After eating, Carlton runs around and I pour kibbles into Stinky’s bowl, but she just stares at it. I add a little more, she comes closer. We repeat this several times. Eventually I’m fully bent over and she’s merely inches away.
At this exact moment, Carlton sprints underneath me to see what’s going on, causing his face to run straight into my ass—all skin, no meat, like a pancake on granite.
I help Carlton up, but his whining makes Stinky upset, so she starts biting and humping her bed. Carlton laughs. Feeling embarrassed, I try taking the bed away, yet Stinky won’t stop. “How’s this even possible?” I yell. “You don’t even have a penis. You’ve got a crooked vulva!”
I decide it’s nap time. I change Carlton’s diaper, put him in his crib, and finally sit in front of my son’s TV. Yet with six speakers, a dozen apps, and more menu options than the NSAID aisle at Walgreens, I test Newton’s first law: An object at rest does stay at rest, but a flying remote shatters against a brick wall.
Stinky sits on the couch beside me. I slide over, but her wet jowls and vulva follow me. Within minutes I’m asleep, face pointed at the ceiling and mouth open wider than Ms. Pac-Man.
Suddenly I’m woken up by Carlton’s screams. I open his closet and tell him to pick out a toy. He reaches for one in my pockets, shoes, and scrotum. “Kid,” I say, “you’re fun and all, but that thing hasn’t been one in 20 years.”
Everyone wants a child who’s smart, attends the best college, makes more money than God. But after I direct Carlton to find a book for us to read together, he brings back a plunger. His face is expressionless.
“What,” I ask, “do you plan on doing with that?”
No response, no reaction.
I tell him to return the plunger. He puts it on the bookshelf and sticks his hands in Stinky’s water bowl. Well, we always need toll booth operators.
Then I take the creatures to the park. Carlton hates not only the mask, but the swing, climber, and merry-go-round. Bored as hell, I do the first thing that comes to mind: wrestling moves. It’s going well and he’s giggling every time I clothesline, leg drop, and chokeslam him, that is, until he vomits on every quadrant in four square, plus his shirt.
I panic, thinking if my son sees this, I’ll never get to babysit my grandson again, so I try cleaning the mess.
Out of nowhere we hear a jingle. Carlton starts running towards an ice cream truck. I follow and order him a scoop of chocolate.
“He’s eating it,” says the man in the truck.
“I know,” I say. “To think, maybe I’m the first person who’s ever given him ice cream . . . it just makes me feel so . . . special.”
“No, the mask. He’s literally eating the mask.”
Once corrected, Carlton licks only the top of the ice cream, so the rest dribbles down his hands. He smiles at me. It’s so cute I need to document it.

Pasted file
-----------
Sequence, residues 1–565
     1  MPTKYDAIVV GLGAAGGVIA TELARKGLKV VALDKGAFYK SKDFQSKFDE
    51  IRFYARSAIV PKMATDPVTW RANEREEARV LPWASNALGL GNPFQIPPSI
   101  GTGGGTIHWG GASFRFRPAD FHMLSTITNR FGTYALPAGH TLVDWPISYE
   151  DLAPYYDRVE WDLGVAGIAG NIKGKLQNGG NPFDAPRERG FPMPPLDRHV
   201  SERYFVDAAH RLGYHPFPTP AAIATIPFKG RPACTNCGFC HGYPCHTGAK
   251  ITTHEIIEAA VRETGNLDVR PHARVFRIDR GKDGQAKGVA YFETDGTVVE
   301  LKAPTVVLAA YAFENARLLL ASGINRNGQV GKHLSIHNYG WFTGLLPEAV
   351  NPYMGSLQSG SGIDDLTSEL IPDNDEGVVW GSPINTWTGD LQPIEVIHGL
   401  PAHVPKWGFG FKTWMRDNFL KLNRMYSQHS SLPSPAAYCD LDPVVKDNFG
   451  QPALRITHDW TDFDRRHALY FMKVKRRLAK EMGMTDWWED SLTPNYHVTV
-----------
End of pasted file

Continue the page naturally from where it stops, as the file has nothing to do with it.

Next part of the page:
I pull out my phone and begin reading my son’s taped, handwritten instructions on the back for how to take a photo, but Carlton wants my phone. He’s pissed—screams, arm flails, tears, future therapy sessions—so I give it to him.
The phone rings. I try asking for it back but Carlton refuses. Taking it by force fails. Distracting him with my keys doesn’t work. Instead I walk around him and am surprised to see my son’s face on my phone.
“Dad?” he says.
“Well, hello,” I say.
He shakes his head. “I’ve been calling you every damn week on Facetime for months and now you answer me? How’d you figure it out? Tell me. How?”
“By adapting, son. Technology is adaption. Learned it on the YouTube.”
He sighs. “So you’re at the park. How’s he doing?”
“Great. We’re having some ice cream.”
“I told you to give him only healthy food.”
“Because I was overweight as a kid and I don’t want him getting made fun of because he’s too fat to fit on the slide or teeter-tot, all right?”
“It’s teeter-totter, son.”
“Dammit.” My son takes a deep breath. “Look, Dad, I know you’re doing me a favor here, but I need you to follow my instructions, so I can trust you, okay? Carlton is basically helpless, and since you don’t know him that well yet, it’s really important that you do everything I ask to—”
“Yup, yup. Got it. Listen, I have to pee so bad I’m sweating. Gotta go.”
I pack up the boy, vulva, and diaper bag. Because the car is hot, I open the windows and start the AC. As I’m buckling him in the car seat, Carlton leans forward and gives me a hug. It’s beautiful. It’s the sweetest thing ever. It makes me feel so good—no, better than good, perfect—that I begin crying.
“What a great day,” I whimper. “And it’s all because of you, Carlton. You’re the best thing in my life. Like they say, nothing is more important than family, and this social distancing stuff has been really hard on me because I love you. If there’s anything you ever need, Carlton, just let me know, and I’ll be there, I promise. It doesn’t matter if it’s money or a friend or a—”
The car is moving. I must’ve forgotten to pull the parking brake. I run towards the driver’s side but trip and fall. As the car keeps rolling, I hear only one thing: